The famous architect Frank Lloyd Wright once said “Fix it on the drafting board with an eraser, or the construction site with a sledgehammer”.
The same concept is true in digital products. And that’s why testing your app concept with real life users as early and often as possible will help you create the best possible app you can.
Why Do I Need To Do User Testing?
I realised the importance of formal user testing when I was studying at Uni.
I was part of a team of 12 students that had created a small segment of a fully functioning game for the Xbox 360.
We decided to exhibit it at the Armageddon Expo here in Melbourne. (Armageddon is a comic book and pop culture expo with more than 60,000 attendees)
2 hours and 40 eight year old gamers later our dream had been thoroughly crushed.
Everyone who tried our game hated it because they didn’t understand what was going on and, more importantly, how to interact with what was going on.
So the next day we started observing exactly what people were trying to do and noting down what was stopping them from achieving those goals.
We went back to the drawing board with the results and a few weeks later presented a new version to another group of people.
It was great. They got it. They loved it.
But like Frank Lloyd Wright’s quote, we had to use the sledgehammer to fix the problem.
If we knew earlier we would have only needed an eraser.
Consequently, this is also a great way of zeroing in on your M.V.P by removing personal bias about features and requirements.
Things To Remember Before You Start
Source: Whole Hearted Men
- Leave your ego at the door. The blunt truth is actually the best feedback you can get.
- Fix problems and don’t be precious how you do it. Many of us jump straight to an overly complex or fancy solution and stick to it without truly understanding the problem we’re solving.
We don’t need fancy, we need the problem solved – And the best way to uncover the details of that problem is to observe users.
In the app world Uber is an awesome example of this. It solves the problem of “I need to get to work/a friends house/the airport” not “I need a taxi”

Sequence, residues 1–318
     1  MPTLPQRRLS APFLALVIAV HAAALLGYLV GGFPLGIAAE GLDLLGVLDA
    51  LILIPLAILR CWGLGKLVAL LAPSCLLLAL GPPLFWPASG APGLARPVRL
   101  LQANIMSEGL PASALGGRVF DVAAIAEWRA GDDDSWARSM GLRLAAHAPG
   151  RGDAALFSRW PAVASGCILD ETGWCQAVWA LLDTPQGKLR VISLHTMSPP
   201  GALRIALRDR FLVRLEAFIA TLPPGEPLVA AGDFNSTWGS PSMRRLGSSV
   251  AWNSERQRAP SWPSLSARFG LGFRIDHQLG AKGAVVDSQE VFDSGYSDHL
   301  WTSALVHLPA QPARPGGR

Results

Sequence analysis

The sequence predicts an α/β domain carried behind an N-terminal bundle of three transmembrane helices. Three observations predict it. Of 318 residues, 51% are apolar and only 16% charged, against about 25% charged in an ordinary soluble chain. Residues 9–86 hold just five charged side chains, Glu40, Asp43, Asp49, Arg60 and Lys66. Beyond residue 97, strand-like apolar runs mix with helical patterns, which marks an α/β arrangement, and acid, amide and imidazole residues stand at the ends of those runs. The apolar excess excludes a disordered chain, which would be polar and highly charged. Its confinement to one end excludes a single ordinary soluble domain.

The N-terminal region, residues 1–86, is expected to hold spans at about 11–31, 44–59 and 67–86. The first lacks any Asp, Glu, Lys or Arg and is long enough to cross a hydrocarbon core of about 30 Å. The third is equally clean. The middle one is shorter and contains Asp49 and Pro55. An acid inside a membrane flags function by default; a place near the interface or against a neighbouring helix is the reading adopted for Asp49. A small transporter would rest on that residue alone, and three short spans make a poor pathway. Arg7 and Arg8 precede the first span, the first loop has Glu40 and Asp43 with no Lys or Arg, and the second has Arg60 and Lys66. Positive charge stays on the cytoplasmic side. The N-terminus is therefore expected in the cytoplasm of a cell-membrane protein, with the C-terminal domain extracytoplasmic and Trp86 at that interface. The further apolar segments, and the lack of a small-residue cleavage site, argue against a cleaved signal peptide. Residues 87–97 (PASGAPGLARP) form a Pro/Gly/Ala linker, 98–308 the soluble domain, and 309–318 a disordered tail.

- You’re observing behaviour, not getting opinions.
Asking users what they think they think often leads to unintentional biases.
The goal of user testing is to see if people understand what they’re doing, and if your app is behaving the way they expect them to.
OK let’s get started.
Source: Interaction Design
So, you want more than a couple of downloads for your app, right?
Of course you do. But to achieve this we need to understand more about people that aren’t YOU.
Your users think about things differently and behave differently to you, your business partner or your mum.
The easiest way to take this into account is to create personas. These are fictional people who will be using your app.
I usually do at least 3 to help us get an idea of what our core functionality truly is.
- Start by giving them a name and even draw a picture of them.
- Then fill in some information about them such as their needs: “I want a Hammer” and their problem: “I need to hang a picture”.
- Add any beliefs and habits they may have and what they are currently using to solve their problem.
- Start to familiarise yourself with this person and list out what type of features they may want.
I start with the Power User: The person who will use every single feature in your app and know it inside out. The other users I map out are ‘Average Joe’ and the ‘Casual’.